consisted of puny 20-oz steaks, a guy fought valiantly with
his side of beef. From the looks of it he made it before
the allotted time ran out so who said it couldn't be done,
huh? Although the place was pricey our money was well spent.
The steaks were tender and it was definitely the best meal
we'd had for days.
Now our journey turned south towards New Mexico. The grassy
plains were replaced by dryer, somewhat more desert-like
landscapes. On Highway 70 traffic was very scarce. As we
approached the village of Elida (or was it Kenna?) the radar
alert went off for no apparent reason. Naturally we slowed
down to the legal speed but we couldn't see what was triggering
the device. Then, half a mile up the road we discovered
a police cruiser sitting by the side of the road. There
was no way we would have discovered it if it hadn't been
because of the radar detector. Both drivers would undoubtedly
have received a sizeable ticket if the alarm hadn't sounded.
Really, this was a tourist trap intended to raise money
for the municipality. Luckily we didn't become donors.
It was strange passing through the sleepy townships on the
road to Roswell. Everything seemed to be abandoned but at
closer scrutiny people just stayed off the streets. Maybe
it was due to the dry heat, which probably was in the 80s
In the car you either ran the A/C or you opened your windows.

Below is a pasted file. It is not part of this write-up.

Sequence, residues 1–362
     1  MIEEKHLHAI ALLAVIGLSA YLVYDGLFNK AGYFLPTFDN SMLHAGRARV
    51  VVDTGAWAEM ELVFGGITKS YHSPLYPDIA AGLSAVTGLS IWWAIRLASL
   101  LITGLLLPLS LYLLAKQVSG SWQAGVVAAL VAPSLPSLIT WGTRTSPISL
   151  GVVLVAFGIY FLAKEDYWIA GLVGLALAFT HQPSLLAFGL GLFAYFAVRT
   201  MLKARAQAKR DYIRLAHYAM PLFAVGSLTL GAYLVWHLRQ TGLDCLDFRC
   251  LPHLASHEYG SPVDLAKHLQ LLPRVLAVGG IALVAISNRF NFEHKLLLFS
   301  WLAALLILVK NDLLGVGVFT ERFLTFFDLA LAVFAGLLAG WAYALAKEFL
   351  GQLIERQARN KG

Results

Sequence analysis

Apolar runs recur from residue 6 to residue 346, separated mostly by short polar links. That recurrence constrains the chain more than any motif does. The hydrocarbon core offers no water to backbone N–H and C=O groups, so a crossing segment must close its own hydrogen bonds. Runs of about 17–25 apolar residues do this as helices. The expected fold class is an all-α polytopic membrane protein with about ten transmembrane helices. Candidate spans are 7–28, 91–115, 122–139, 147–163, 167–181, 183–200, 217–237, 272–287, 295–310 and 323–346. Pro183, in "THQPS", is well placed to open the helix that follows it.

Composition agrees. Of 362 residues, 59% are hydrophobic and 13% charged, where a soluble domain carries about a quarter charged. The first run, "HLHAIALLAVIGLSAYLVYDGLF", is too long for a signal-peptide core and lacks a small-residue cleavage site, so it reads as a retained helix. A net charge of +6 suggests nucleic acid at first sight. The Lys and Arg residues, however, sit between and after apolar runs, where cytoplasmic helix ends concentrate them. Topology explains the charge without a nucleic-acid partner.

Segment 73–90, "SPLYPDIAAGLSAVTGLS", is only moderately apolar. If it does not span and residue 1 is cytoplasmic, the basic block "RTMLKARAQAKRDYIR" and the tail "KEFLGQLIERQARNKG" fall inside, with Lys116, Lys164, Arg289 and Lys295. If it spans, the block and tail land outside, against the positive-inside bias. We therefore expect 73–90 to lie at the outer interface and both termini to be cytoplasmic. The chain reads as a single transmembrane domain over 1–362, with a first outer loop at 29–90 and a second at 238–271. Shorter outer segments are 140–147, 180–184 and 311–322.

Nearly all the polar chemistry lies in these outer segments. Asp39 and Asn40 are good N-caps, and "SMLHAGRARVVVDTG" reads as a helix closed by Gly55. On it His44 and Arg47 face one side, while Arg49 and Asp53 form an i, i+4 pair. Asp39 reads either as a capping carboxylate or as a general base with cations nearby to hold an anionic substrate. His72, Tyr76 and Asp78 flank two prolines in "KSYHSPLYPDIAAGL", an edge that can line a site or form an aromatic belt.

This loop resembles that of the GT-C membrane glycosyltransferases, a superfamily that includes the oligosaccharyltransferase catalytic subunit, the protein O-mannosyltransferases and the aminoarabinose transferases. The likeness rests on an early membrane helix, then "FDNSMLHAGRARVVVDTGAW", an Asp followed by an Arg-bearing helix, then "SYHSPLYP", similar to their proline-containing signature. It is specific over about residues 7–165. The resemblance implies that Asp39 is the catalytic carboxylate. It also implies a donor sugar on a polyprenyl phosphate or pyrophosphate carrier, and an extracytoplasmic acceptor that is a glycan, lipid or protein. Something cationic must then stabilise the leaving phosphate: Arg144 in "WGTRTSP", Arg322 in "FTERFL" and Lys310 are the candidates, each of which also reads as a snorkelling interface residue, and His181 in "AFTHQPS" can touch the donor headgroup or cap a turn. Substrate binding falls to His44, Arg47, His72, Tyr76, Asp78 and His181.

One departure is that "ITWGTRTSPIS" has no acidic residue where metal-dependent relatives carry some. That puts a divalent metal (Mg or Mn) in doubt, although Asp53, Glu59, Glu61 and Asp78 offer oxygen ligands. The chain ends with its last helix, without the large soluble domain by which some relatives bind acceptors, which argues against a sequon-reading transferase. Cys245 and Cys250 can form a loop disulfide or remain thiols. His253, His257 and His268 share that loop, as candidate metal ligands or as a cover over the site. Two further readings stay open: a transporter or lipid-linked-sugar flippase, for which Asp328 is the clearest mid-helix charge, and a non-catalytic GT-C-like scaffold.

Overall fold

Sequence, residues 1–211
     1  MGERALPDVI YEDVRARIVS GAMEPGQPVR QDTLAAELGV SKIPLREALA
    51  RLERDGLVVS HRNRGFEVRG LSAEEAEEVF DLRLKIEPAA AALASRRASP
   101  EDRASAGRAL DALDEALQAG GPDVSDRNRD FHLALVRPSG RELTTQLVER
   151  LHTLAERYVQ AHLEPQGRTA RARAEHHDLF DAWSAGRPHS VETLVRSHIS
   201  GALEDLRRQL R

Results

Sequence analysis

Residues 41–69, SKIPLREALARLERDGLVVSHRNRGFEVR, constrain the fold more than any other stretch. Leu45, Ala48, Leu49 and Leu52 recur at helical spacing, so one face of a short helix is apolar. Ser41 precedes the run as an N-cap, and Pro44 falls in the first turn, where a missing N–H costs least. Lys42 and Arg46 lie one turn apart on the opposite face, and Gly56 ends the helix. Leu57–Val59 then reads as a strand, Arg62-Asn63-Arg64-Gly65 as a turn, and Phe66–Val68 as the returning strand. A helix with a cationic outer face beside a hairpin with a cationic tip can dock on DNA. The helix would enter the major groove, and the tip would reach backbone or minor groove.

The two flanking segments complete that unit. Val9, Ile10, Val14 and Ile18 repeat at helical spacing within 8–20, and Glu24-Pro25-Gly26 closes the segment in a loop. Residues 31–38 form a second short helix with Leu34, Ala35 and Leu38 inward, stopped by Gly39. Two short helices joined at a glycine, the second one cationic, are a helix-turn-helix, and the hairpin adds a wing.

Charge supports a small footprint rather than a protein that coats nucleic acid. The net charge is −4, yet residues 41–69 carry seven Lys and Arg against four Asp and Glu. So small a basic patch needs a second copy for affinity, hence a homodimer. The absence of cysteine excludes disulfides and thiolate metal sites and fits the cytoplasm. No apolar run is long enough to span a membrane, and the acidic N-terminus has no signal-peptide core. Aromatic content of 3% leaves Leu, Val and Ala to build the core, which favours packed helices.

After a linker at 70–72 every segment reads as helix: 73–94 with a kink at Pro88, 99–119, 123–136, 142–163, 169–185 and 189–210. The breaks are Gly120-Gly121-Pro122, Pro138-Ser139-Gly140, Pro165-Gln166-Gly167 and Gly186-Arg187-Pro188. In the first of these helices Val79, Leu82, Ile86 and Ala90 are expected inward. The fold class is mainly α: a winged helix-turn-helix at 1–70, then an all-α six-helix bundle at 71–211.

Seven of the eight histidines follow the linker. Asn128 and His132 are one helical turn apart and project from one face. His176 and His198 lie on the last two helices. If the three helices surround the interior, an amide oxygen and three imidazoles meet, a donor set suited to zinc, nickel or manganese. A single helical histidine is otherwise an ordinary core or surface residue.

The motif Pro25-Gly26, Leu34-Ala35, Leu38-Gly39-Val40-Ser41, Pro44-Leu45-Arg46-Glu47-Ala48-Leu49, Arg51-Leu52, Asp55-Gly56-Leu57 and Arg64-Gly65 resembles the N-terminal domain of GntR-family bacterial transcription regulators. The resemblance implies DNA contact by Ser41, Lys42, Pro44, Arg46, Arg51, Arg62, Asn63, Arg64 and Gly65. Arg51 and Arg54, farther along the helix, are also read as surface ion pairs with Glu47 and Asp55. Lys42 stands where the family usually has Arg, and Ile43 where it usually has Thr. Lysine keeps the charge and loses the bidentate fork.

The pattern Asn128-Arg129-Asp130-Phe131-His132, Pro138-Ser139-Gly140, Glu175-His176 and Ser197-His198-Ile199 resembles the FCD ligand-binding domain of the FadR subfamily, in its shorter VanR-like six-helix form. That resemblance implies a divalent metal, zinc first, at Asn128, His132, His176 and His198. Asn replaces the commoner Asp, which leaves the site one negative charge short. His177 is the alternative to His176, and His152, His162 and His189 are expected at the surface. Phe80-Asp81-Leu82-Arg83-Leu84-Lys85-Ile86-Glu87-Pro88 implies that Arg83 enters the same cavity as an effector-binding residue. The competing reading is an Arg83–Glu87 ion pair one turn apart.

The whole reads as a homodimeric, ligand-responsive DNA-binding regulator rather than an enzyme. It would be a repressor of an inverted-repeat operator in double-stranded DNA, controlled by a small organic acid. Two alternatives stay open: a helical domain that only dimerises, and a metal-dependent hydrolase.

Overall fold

Both options had their drawbacks. Using the A/C was nice
and cool but as soon as you had to go outside your sinuses
would be messed up. The alteration between hot and chilly
could eventually give you a nasty cold. However, if you
opted to drive with the windows wide open (what Dave McCusker
called the 4-60 air conditioner - 4 windows down while doing
60 mph), your eyes would soon feel dry and irritated.
We reached the Roswell City limits just before sunset. It
wasn't a problem finding a motel downtown. After unloading
the cars we went sightseeing in the Mustang. First stop
was at an abandoned gas station outside of town. Here we
enjoyed the spectacular sunset. Dave was determined to get
some good pictures so he climbed a roof and placed his camera
on a tripod. He managed to get down again without hurting
We briefly discussed how to spend this Saturday night in
the middle of New Mexico, and the choice fell upon the cinema,
which showed the movie "Twister". The local cinema
was located in a brand-new mall, which we checked out before
the movie started. Some time went by in the CD store. Jokingly
Manuel bought some "Brujería", a Mexican
rock band, largely because the cover contained several misspelled
"Twister" was a disappointment. It had some nice
special effects but the story line was crap, we all agreed
during the ride back to the motel.
Day 01: Leaving NC
Day 02: Tupelo, MS
Day 03: Henryetta, OH
Day 04: Roswell, NM
Day 05: Flagstaff,
Day 06: Las Vegas, NV
Day 07: Victorville, CA
Day 08: Long Beach, CA
Day 09: Los Angeles, CA
Day 10: Thousand Oakes, CA
Day 11: Malibu, CA
Day 12: Lompoc, CA
Day 13: Lompoc, CA
Day 14: Palo Alto, CA
Day 15: Palo Alto, CA
Day 16: Fallon, NV
Day 17: Escalante, UT
Day 18: Grand Junction, CO
Day 19: Lafayette, CO
Day 20: Colby, KS
Day 21: St. Louis, MO
Day 22: Knoxville, TN
Day 23: Burlington, NC
Epilogue: Author's notes